Daily Comment (September 20, 2019)
by Bill O’Grady, Thomas Wash, and Patrick Fearon-Hernandez, CFA
[Posted: 9:30 AM EDT]
Global equity markets are generally higher this morning. The EuroStoxx 50 is up 0.4% from the last close. In Asia, the MSCI Asia Apex 50 closed up 0.1%. Chinese markets were higher, with the Shanghai composite up 0.2% and the Shenzhen index also up 0.2% from the prior close. U.S. equity index futures are signaling a higher open.
After a busy week, it’s been a quiet Friday so far. We wonder how history will deal with the end of Mayor de Blasio’s campaign. Here is what we are watching this morning:
Misjudging Trump: We have been getting questions from readers about U.S. Iran policy. So, here is our response. It is starting to look like Iran has concluded that President Trump is a bully who will back down when his bluff gets called. Yesterday, Iran’s foreign minister, Javad Zarif, suggested that a military attack on Iran would trigger “all-out war.” This is a clear and strong threat. Throughout its history since the Iranian Revolution, Iran has generally been cautious in foreign affairs. Although it underwrites audacious acts (e.g., bombing of U.S. troops in Beirut, Khobar Towers bombing in Saudi Arabia), these are usually carried out by proxies or in ways that provide plausible deniability. In the attack on the Saudi oil infrastructure, Iran tried to follow the same script, with the Houthis immediately taking responsibility. However, unless the Houthis are hanging out in southeastern Iran or southern Iraq, it probably wasn’t their doing and Iran had to know that it would be hard to maintain that ruse.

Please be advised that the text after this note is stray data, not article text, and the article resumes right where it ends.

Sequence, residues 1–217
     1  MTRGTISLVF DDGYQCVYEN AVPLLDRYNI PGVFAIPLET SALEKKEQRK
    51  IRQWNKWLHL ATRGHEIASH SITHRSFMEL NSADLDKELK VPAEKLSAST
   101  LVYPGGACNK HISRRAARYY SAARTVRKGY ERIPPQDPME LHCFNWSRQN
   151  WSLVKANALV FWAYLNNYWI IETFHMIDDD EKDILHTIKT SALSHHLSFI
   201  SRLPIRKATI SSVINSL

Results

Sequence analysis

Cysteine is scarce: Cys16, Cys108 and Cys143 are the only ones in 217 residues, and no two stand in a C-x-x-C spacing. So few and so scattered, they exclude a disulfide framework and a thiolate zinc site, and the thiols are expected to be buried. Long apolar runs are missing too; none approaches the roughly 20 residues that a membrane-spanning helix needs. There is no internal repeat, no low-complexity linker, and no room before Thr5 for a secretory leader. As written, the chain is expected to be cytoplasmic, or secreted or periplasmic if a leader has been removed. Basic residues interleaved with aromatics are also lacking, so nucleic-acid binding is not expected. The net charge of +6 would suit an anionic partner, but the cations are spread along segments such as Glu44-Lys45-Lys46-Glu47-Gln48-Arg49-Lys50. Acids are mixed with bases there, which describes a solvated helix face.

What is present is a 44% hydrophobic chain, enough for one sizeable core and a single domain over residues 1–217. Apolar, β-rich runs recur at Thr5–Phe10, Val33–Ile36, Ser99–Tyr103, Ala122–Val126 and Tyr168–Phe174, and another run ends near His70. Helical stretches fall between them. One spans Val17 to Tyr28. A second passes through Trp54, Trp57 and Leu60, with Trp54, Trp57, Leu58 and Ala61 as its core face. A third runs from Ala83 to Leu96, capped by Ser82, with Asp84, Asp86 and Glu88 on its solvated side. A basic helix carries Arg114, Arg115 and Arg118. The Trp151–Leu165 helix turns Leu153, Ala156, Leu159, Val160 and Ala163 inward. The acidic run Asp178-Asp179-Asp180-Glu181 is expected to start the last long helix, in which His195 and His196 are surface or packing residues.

After the U.S. failed to respond militarily to the downing of a U.S. drone, the leadership of Iran appears to have concluded that the White House is reluctant to engage Iran militarily. The U.S. response to the attacks last weekend has done nothing to suggest this assumption is wrong. So far, the U.S. has responded to what is probably the most significant act against the Carter Doctrine since Iraq annexed Kuwait with sanctions and threats of a military buildup. This isn’t to say that sanctions haven’t been effective; they have had a major impact on the Iranian economy. But, between the harsh sanctions and the lack of a diplomatic path, Iran has decided to up the ante.
One of our “go-to” tools in analyzing foreign relations and the reactions of presidents is to use Mead’s Archetypes. Regular readers are familiar with the four major ones. We note that these are merely archetypes as no president is a pure reflection of any of the four but all lean toward one. So, here is how we think each archetype would react to last weekend’s events:
- Jeffersonian: A Jeffersonian president would be angry that the U.S. was still even in this part of the world, but since we are there we should talk to allies and formulate a response. Military action would be a reluctant and last resort. This president would not have responded to the drone downing.
- Wilsonian: The drone downing would have triggered a strong military response. This recent escalation would have led to an ordinance being already in the air. Although this type would try to avoid escalation, its actions usually end up leading to a broader conflict.
- Hamiltonian: Always a realist, a Hamiltonian president would be trying to pull out of the Middle East, concluding that China was the real issue and shale oil has made the extensive U.S. commitment to the region unnecessary. However, this president, faced with the problem at hand, would likely attempt to escalate carefully, bombing highly visible but mostly symbolic areas in Iran, e.g. old oil fields that are in decline, secondary industrial sites, etc. In other words, it would send a signal that the U.S. isn’t happy, but also trying to avoid hitting anything that would lead to escalation. This archetype would have attacked after the drone downing.